Questions about charter schools

Over the past several weeks there has been much media attention given to the pending charter school making its way to Sweet Home. Truly, it is nice to see so many good parents adamant about giving their child the opportunity for a quality education. Parents have every right to want our education system to be as it was in the past and I applaud them for taking so much interest. The apparent message however that the charter school is going to somehow benefit the Sweet Home School District is at best, a little skewed.

Several weeks ago a letter to the editor stated that a charter school would create more room in the public system for families that are apparently moving in to our community. The editorial of last week’s paper also claimed this as an advantage. Taking numbers that were printed in The New Era, the waiting list for the charter school is at 149 students. According to the authors of the editorial letter most, if not all of these students are currently being home schooled or enrolled in private education. If the charter school has a classroom cap size of 18 and they were lucky enough to find a building with let’s say 13 classrooms, then that would mean total enrollment of 234 students.

The difference of 85 students may or may not come from Sweet Home schools. But if they did, then on average, it would mean a decrease of approximately three students from each elementary classroom (first through fourth). This reduction still leaves my child’s classroom above state standards for favorable class size. Then what happens when all these supposed new families come to town?

Additional money to the school district also seems to be a popular argument for charter school supporters. School districts across the state receive approximately $5,000 per enrolled student. When students attend charter schools, the charter school receives 80 percent and school districts receive 20 percent. Simple math tells me that the Sweet Home School District would receive approximately $234,000. If the school district could recover from the loss of 85 students and their state funding ($425,000) then this money would be great. However, if you really believe all that money would go towards new teachers, the district would only be able to hire four. Unfortunately, we need that now and honestly, I don’t believe all the funds would or could be used towards educators.

People Involved in Education (PIE) has a three-pronged approach to their school: discipline, teacher expertise, and parental involvement. I’m not quite sure how this is significantly different from our public schools.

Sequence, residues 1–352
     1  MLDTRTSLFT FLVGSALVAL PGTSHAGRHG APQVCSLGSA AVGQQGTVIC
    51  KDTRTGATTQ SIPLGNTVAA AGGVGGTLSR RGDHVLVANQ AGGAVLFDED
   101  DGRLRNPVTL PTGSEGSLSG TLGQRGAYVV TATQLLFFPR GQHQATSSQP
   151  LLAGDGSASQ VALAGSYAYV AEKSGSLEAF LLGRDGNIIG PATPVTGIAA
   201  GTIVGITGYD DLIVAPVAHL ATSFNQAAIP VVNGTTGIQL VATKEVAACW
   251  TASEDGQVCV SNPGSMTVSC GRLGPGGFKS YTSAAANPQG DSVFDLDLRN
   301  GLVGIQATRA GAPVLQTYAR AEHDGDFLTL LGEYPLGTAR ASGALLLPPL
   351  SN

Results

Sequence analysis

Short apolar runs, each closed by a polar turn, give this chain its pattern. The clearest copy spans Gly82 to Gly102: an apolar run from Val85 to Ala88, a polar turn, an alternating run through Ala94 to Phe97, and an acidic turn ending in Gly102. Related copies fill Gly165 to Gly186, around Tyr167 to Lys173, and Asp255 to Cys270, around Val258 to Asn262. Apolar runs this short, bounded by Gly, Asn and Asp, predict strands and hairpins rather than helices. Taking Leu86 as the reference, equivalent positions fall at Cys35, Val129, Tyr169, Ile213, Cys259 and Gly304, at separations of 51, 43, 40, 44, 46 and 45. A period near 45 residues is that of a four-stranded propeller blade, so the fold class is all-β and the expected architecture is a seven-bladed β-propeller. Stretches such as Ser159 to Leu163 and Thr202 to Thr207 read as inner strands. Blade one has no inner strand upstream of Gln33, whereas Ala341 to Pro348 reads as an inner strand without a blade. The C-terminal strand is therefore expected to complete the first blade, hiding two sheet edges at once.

Discipline: Sweet Home School District is very active in a program designed for Positive Behavior management. Over the past three years many of the elementary schools have had several successes in decreasing the number of office referrals for negative behavior. Classroom order, even with 29 students, isn’t that bad. I would almost bet that discipline wouldn’t even be an issue if parents stepped up their involvement rather than turning up the remote.

Teacher Expertise: 100 percent of teachers within the school district are certified. Changes in the law several years back required that new teachers have a master’s degree before they can become certified. Most charter schools do not require 100 percent of their teachers to be certified (so I’m not sure where the “expertise” comes in). Granted, some charter schools do have higher standards. I tried to confirm whether or not PIE has this requirement, but no information was listed on their Web site.

Parental Involvement: The editorial in last week’s paper confirmed that charter schools have strict policies for parental involvement. If you want your child to attend the school, then you must demonstrate involvement. Wouldn’t it be nice if all parents were required to be involved with their children’s education?!

I very much agree with the supporters of charter schools that the public system is not the same as it used to be. I’m as frustrated as they with the size of my child’s class, the constant reduction in state funding, of all the extra-curricular classes being cut from the curriculum, and the negative behavior of a lot of the students because their parents choose to be disengaged.

It does amaze me, though, that people who are products of the public system (and turned out pretty good) somehow feel that the system now isn’t good enough for their own children. Some people even work in the public system, but choose to send their children elsewhere. Why is the public system OK for a paycheck but not an education?

Good parents work hard to make sure their children receive the best. It’s really none of my business as to where anyone sends their child to be educated. Just please don’t play the card that my child’s public education is going to be any better because a new charter school is coming to town. What will help all of our children is tax reform and the Legislature’s attitude towards education. But even more importantly, the public school system would see a dramatic improvement if those same good parents screaming for a charter school gave back to the same system that once provided them with a quality education.

Kristin Adams

Sweet Home